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Chronicle of the NonPop Revolution

The Essay
Show #174
Not in the Biblical Sense
David Gunn

There was once a man with popular cheeks of great enormity who lived his entire life in retrograde motion, but verily is this parable about him not; rather concerneth it of an entirely different man, one of modest cheek girthage whose mortal term was spent in the chaotic throes of forward motion. The man -- whose name knoweth I not, though Ned would a bad guess beeth not -- came from a land far away in geographicality if the oddly patterened raiment in which he was clad was any indication. Wrapped was he in a robe of mauve and lichens, with indigenous insect life forming a kind of ambulatory bunting around the hem; thus was he an instant visual curiosity to the citizens whose village he visited. Gatheredeth they around him, the better to knoweth his intent, for if he was of the ilk that selleth wares of neither value nor warranty, they wanted of him nothing.

Waitedeth he until around him were congregated a throng ten deep; then didst the man bow in humblement, produce a hat and wand from the entrails of his robe, tap the hat with the wand, and magically a rabbit out of the hat didst pull. Verily amazed were the crowd, whence a smattering of applause didst unbidden arise. But this was as nothing comparest to what he next doeth. Arrangeth he down upon a table three nutshells; underneath one placeth he a golden coin of much value and desire; then shuffleth he the nutshells about whilst muttering "Round and round she goeeth, where she stops, nobody knoweth," an incantation foreign indeed to the villagers. At last, stoppeth he the transit of the nutshells, and verily tappeth he them with the wand. Pointeth he then to the first of the three nutshells. The crowd, as one, shaketh their head. In like manner doeth he pointeth to the second of the three nutshells, and in like manner doeth the crowd its collective head again shaketh. Then pointeth he to the third of the three nutshells and, amidst great excitement, hath the crowd in agreement noddeth as to the final location of the golden coin. Verily didst the man of modest cheek girthage remove from the table the third nutshell, and lo was the golden coin there not. A great surge of surprise then gusheth forth from the gathered villagers, and lo didst they clappeth with fervor and puckered lips, the better to produce whistles of appreciation, and also presenteth him thus a maiden fair and available.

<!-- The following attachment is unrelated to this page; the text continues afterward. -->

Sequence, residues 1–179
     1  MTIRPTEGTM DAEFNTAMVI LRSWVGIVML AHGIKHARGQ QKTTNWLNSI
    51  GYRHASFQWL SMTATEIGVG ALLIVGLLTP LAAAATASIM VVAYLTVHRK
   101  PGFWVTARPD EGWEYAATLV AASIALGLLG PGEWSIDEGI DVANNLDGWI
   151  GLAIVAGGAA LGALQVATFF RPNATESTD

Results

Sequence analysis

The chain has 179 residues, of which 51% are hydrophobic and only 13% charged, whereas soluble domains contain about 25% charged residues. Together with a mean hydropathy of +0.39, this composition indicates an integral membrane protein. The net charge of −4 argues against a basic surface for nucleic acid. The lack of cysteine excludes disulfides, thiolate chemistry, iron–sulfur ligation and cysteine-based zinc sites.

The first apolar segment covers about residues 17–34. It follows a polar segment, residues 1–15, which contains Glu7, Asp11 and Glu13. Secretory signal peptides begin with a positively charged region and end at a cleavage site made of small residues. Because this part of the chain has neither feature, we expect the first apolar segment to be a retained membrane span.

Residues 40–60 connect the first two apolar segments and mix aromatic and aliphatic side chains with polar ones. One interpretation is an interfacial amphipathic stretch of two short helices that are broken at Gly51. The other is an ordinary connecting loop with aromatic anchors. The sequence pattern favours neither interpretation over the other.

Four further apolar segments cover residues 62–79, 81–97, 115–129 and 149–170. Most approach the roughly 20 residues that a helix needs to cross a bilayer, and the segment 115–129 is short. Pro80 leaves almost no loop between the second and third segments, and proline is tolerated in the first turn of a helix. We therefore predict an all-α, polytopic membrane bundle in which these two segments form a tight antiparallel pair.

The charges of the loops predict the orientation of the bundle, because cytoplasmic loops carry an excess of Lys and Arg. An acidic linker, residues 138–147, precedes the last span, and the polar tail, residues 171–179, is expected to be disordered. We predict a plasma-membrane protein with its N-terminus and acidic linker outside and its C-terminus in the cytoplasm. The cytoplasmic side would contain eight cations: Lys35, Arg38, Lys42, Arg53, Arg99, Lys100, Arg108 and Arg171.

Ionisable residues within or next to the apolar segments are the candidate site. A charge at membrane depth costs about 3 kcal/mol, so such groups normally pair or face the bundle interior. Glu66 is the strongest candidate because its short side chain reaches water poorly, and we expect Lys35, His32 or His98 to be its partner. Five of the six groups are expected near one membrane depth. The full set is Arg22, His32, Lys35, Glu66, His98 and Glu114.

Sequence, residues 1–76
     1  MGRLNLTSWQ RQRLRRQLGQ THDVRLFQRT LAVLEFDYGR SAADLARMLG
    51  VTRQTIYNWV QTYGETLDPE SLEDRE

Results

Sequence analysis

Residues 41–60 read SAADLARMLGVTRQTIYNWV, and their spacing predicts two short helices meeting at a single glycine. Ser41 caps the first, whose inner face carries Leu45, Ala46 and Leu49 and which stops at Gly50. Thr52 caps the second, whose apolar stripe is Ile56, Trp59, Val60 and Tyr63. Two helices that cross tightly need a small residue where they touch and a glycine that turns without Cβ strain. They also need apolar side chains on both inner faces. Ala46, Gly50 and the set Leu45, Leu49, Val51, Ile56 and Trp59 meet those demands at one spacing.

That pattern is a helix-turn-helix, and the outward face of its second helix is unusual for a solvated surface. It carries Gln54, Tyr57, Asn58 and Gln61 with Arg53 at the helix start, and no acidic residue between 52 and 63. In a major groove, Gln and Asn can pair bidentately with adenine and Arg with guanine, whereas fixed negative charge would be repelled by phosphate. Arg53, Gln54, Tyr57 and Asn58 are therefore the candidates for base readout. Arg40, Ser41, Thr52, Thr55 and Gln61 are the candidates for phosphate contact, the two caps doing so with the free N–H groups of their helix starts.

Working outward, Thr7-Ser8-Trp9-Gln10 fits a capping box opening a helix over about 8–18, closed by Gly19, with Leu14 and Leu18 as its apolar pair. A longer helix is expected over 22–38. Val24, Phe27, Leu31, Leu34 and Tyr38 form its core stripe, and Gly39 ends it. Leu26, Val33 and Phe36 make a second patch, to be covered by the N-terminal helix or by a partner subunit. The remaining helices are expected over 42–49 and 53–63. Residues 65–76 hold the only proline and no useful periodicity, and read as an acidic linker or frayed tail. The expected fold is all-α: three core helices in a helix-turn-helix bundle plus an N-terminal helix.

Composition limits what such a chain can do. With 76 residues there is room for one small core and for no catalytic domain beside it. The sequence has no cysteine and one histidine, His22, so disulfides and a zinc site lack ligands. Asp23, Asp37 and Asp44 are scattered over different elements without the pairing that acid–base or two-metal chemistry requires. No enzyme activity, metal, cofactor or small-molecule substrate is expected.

Bowing in humblement again, he holdeth up his hands so as to lessen the tumult that he might speak. And lo, all was soon silent, except for the quarreling of two harlots who were discussing possession of the rabbit. Paying them no attention, the man, sayeth he, "listen to me, my Sons, though sons not in the Biblical sense, and be attentive to the words which fall from my lips like unseeing camels over the edge of yonder precipice." So saying, didst he to a distant hillock point upon which dromedaries of pleasant disposition grazed; then suddenly and thoroughly didst they pitch over a retaining fence and falleth far and hard onto the vasty fields below. Continueth he then, saying, "let ten people eat of the sea, for grazing amongst the crops doeth they exceedingly poorly. A lesson is here to be learned, but understandeth it I not. Yea, sometime later will lucent water again cover all the lands and the sheep shall be reduced to stock; and lo from a distant urban area with substandard macadam shall there come a prophet bearing hairpieces, and these hairpieces shall thus be distributed to the common men and women who launder the pants of judges, and therefore shall they be blessed with naphtha and kept clear of burrowing rodents, for the son of Naphtha, named Jedd, shall one day look down and bestow halvah on all who have not let his name be ... well, I forget, but at this point it mattereth not. Selah, and thanketh I thee for thou fine maiden."

Yea didst the utterance draw upon their countenances expressions most blank, and didst they their brows scratcheth in puzzlement, for sense to their heads made it none. Then, as didst the man beginneth to gather up his hat and nutshells, from the rear of the gathered crowd didst a boy aged no more than 15 but uncommonly wise in the ways of shenanigansters shout, "Verily looketh thee beneath the other two shells!" The man berobed of mauve and lichens hesitatedeth just a nonce, but long enough for a largely girthed villager to clampeth down his meaty hand over that of Ned before the nutshells couldeth removed be. Another villager turneth over the first of the three nutshells, whence nary a golden coin appeared; in like manner turneth he over the second nutshell, and again didst the golden coin emergeth not. A trice before the crowd realizedeth it had beswindled been didst the robed man scoop up the nutshells and take his French leave, ditching the fair maiden so as not to his abrupt skedaddlement hamper. Verily didst the crowd give chase, but stoppeth they when the bruised and bewildered dromedaries camest they upon. And lo was the confidence man never seen again, although were his exploits heard of whenever village elders gathered at zoning board meetings to partake of the weekly broadcast of Kalvos & Damian's New Music Bazaar, this 174th episode of which is unexpectedly high in confidence, though low in manpower, as the Kalvos portion of the show has invoked his own French leave in order to flambeauically eschew hosting duties. Thus, the remainder of the program will be remanded to ... well, to me.